Formatting and sending patches

Using patches for contributions has been deprecated. Please Send a pull requests from a fork instead.

The Deltacloud community works with Git. The process of contributing to the project we prefer contains these steps: local_branch → patch → review → accept → commit process for contributing to the project. This is how the typical workflow used by the core developers looks like:

  1. Set the following settings inside the git configuration file. The config file is located in the root of the Deltacloud project in a hidden .git directory. Open the config file with your preferred editor:

    $ vim deltacloud/.git/config

    Add the following information to the configuration file and replace the relevant values with your own ones:

    signedoffbycc = no
    chainreplyto = no
    smtpserver = your_smpt.server.address
    thread = yes
    from = your_email_address
    suppresscc = all
    to =
    whitespace = trailing-space,space-before-tab
  2. Get the latest HEAD of the Deltacloud git repo. You will gain one local branch called master:

    $ git branch
    * master
  3. Fetch the latest changes from the git repo:

    $ git pull
  4. Create a new local branch for your edits and give it a name:

    $ git checkout -b my_new_branch
  5. Make your changes and then check, what you've edited:

    $ git status
  6. Commit these changes to your local branch:

    $ git commit -a

    This will open an editor (e.g. vi). Enter a commit message. The message should be short and succinct and individual lines shouldn't be longer than 80 characters. See the recent commits with their commit messages to find an inspiration:

    $ git log

    When you commit your changes to your local branch, the local branch will be different from your local master branch. Other developers may have already committed their changes to the remote master branch in the Apache git repo in the meantime. Thus, you need to fetch any new changes and merge them into your local master.

  7. Change to master and fetch upstream changes (it there are any):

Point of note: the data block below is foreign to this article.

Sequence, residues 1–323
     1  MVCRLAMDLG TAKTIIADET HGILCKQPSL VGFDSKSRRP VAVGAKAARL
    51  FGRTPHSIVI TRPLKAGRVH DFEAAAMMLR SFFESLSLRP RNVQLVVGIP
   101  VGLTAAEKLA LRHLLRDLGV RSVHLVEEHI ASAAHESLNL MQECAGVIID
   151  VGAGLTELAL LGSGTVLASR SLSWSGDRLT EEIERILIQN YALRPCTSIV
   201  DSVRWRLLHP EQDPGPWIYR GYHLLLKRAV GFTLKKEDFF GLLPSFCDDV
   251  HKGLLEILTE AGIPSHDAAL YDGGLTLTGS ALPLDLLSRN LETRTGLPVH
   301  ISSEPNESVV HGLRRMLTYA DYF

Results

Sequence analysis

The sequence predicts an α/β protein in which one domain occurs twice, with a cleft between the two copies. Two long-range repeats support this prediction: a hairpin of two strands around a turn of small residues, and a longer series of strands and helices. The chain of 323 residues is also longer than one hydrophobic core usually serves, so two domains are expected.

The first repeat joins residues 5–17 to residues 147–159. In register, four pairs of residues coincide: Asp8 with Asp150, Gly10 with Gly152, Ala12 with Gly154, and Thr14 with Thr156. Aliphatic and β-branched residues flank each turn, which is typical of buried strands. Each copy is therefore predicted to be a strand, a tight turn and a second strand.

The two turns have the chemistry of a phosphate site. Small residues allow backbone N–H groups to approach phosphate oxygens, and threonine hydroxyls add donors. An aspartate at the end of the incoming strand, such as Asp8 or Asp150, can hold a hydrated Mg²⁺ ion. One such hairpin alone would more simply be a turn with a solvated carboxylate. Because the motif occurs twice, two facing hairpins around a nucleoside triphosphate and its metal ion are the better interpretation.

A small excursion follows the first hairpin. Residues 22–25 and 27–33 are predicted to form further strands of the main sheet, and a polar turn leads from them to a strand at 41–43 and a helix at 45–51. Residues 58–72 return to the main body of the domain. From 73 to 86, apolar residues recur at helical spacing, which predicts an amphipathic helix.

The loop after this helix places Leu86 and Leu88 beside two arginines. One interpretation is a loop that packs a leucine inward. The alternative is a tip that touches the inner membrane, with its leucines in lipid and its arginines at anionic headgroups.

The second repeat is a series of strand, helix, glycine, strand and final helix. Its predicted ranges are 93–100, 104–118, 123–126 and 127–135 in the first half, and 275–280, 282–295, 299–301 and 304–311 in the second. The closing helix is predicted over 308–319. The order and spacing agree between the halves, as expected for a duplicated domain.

$ git checkout master
    $ git pull

    Your local master is now up-to-date with the remote master in the git repo.

  8. Rebase the local master onto the branch containing your changes:

    $ git rebase master my_new_branch

    This allows you to make patches against master and send them to the Deltacloud mailing list.

    $ git format-patch -o /path/to/where/you/keep/patches/ master
    $ git send-email --compose --subject 'some subject'
      --thread /path/to/where/you/keep/patches/*

    The other members of the community will review your patches. The patch has to receive at least one ACK and no NACK to be approved. Then the patch will be committed by one of the Deltacloud developers with commit rights to the Apache repo. If noone is responding to your patch sent to mailing list, feel free to remind yourself after few days.

You can also contribute to the project by reviewing patches sent by other contributors:

  1. Make a new branch where you will apply the patches and test:

    $ git checkout -b jsmith_patches
  2. Save the patches to a known location and make sure you're on the right branch . Then apply.

    $ git checkout jsmith_patches
    $ cat /path/to/patches/0001-name-of-patch.txt | git apply
    $ git am /path/to/patches/0001-name-of-patch.eml

    You can use git am ("apply mail") to apply patches in mail format, or git apply for plain-text patches. If you use git apply, you will only apply the patches, whereas git am will also commit the patches to the local branch (preserving the author's commit messages). However, the difference between git am and git apply is insignificant for the purpose of reviewing patches. It depends on whether you want to save the patches as plain-text or in .mbox email format.

  3. If you think the patches are working correctly, send an ACK to the Deltacloud mailing list. Similarly, if you think the patches could cause a problem, send a NACK and explain the issue you have found.

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